We’ve Heard about Income Inequality. What about Wealth Inequality?


August 24, 2016

You may recognize this statistic: In the U.S., CEOs of large firms make 276 times the pay of an average worker. That is the very definition of income inequality.
wealth inequality report coverBut now, courtesy of the Center for Economic Development and the Institute for Policy Studies, we are reminded that we need to be worried about wealth inequality too. For most people, wealth (if any) comes from home ownership, savings, and/or retirement accounts. People with more wealth will add other forms of investment income.

These two groups have published a new report, titled “The Ever Growing Gap,” which examines a growing racial wealth divide for Black and Latino households, compared with White households.

A key statistic: Over the past 30 years, the average wealth of White families has grown by 84 percent, 1.2 times the rate of growth for Latinos and three times the rate of growth for Black families. Even with White wealth remaining stagnant, according to the report, “it would take Black families 228 years to amass the same amount of wealth White families have today.” In 2013, the average wealth for Black households was $85,000; for Latinos, $98,000; for Whites, $656,000.

Wealth inequality in the U.S. was exacerbated by the 2008 recession, which caused Black and Latino households to lose three and four times more wealth, respectively, than White households, putting them even more behind. This was due in part to the collapse of the housing market, higher rates of unemployment, income inequality, the already limited amount of savings and increased exposure to exploitive traps such as payday lending.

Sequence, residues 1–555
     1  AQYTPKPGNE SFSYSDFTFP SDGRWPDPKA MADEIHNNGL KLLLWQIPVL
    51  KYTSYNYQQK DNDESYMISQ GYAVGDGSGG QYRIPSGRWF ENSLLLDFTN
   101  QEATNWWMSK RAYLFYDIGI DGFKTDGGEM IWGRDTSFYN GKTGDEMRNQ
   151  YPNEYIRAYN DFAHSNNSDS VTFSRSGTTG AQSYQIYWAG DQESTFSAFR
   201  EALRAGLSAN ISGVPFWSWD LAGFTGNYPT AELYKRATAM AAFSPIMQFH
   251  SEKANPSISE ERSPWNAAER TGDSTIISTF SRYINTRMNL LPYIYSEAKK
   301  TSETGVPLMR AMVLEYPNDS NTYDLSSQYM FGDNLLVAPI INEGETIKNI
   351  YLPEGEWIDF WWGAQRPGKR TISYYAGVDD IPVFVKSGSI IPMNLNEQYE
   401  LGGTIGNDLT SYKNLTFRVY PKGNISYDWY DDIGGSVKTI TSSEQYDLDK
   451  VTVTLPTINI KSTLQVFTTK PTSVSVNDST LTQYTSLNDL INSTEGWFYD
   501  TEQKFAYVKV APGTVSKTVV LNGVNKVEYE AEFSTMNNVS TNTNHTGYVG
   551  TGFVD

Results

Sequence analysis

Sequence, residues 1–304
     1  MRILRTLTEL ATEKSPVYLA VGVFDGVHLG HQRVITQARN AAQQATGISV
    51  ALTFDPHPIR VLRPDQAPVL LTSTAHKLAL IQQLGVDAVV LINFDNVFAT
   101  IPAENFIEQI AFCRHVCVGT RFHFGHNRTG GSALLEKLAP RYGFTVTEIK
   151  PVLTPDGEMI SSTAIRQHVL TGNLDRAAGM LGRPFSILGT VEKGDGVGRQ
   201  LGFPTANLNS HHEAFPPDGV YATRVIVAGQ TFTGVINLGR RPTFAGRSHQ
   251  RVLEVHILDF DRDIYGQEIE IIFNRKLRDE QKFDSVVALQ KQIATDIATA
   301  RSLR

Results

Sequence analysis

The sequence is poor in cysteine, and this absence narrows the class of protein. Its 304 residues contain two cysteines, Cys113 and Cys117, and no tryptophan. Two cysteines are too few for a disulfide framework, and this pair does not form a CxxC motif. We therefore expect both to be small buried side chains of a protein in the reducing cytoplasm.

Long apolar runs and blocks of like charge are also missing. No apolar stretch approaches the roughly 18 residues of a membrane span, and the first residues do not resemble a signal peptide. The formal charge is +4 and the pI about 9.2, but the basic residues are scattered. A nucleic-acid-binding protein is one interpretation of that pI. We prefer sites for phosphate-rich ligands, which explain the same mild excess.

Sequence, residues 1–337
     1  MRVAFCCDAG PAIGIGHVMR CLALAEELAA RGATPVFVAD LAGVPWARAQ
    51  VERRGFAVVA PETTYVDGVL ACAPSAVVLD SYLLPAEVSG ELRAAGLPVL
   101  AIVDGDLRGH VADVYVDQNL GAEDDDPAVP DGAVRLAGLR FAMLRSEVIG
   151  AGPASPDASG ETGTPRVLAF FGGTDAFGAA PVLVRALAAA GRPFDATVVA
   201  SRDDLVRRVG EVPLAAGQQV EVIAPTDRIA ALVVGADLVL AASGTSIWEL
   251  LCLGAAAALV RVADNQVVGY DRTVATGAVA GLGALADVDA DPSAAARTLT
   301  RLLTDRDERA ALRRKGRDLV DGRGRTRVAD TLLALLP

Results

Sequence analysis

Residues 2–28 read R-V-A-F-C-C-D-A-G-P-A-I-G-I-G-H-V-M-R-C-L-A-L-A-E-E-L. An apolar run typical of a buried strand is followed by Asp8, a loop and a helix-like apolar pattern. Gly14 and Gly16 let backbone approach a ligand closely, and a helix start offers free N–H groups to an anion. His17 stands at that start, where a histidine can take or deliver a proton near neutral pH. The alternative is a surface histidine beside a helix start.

What happens if we do nothing about this problem? The report traces trends in wealth accumulation over the past 30 years – but it also looks at what will happen the next 30 years if no action is taken. And it is not a pretty picture.

With no action, White households would see their average wealth increase to $1.2 million while Latino households would only see their wealth increase to $165,000 and Black households would only see their wealth rise to $107,000.

So what can we do? The authors of the report suggest three initial steps:

  1. Conduct an evidence-based, government-wide audit of federal policies to understand the role current policies play in perpetuating or closing the racial wealth divide.
  2. Fix unfair, upside-down tax incentives to ensure households of color also receive support to build wealth.
  3. Address the distorting influence of concentrated wealth at the top through the expansion of existing progressive taxes and the exploration of a dedicated wealth tax.

And if we don’t do these things? Wealth inequality, and its closely-related cousin, income inequality, will simply continue to grow unabated.

income inequality
Poverty and Income
wealth inequality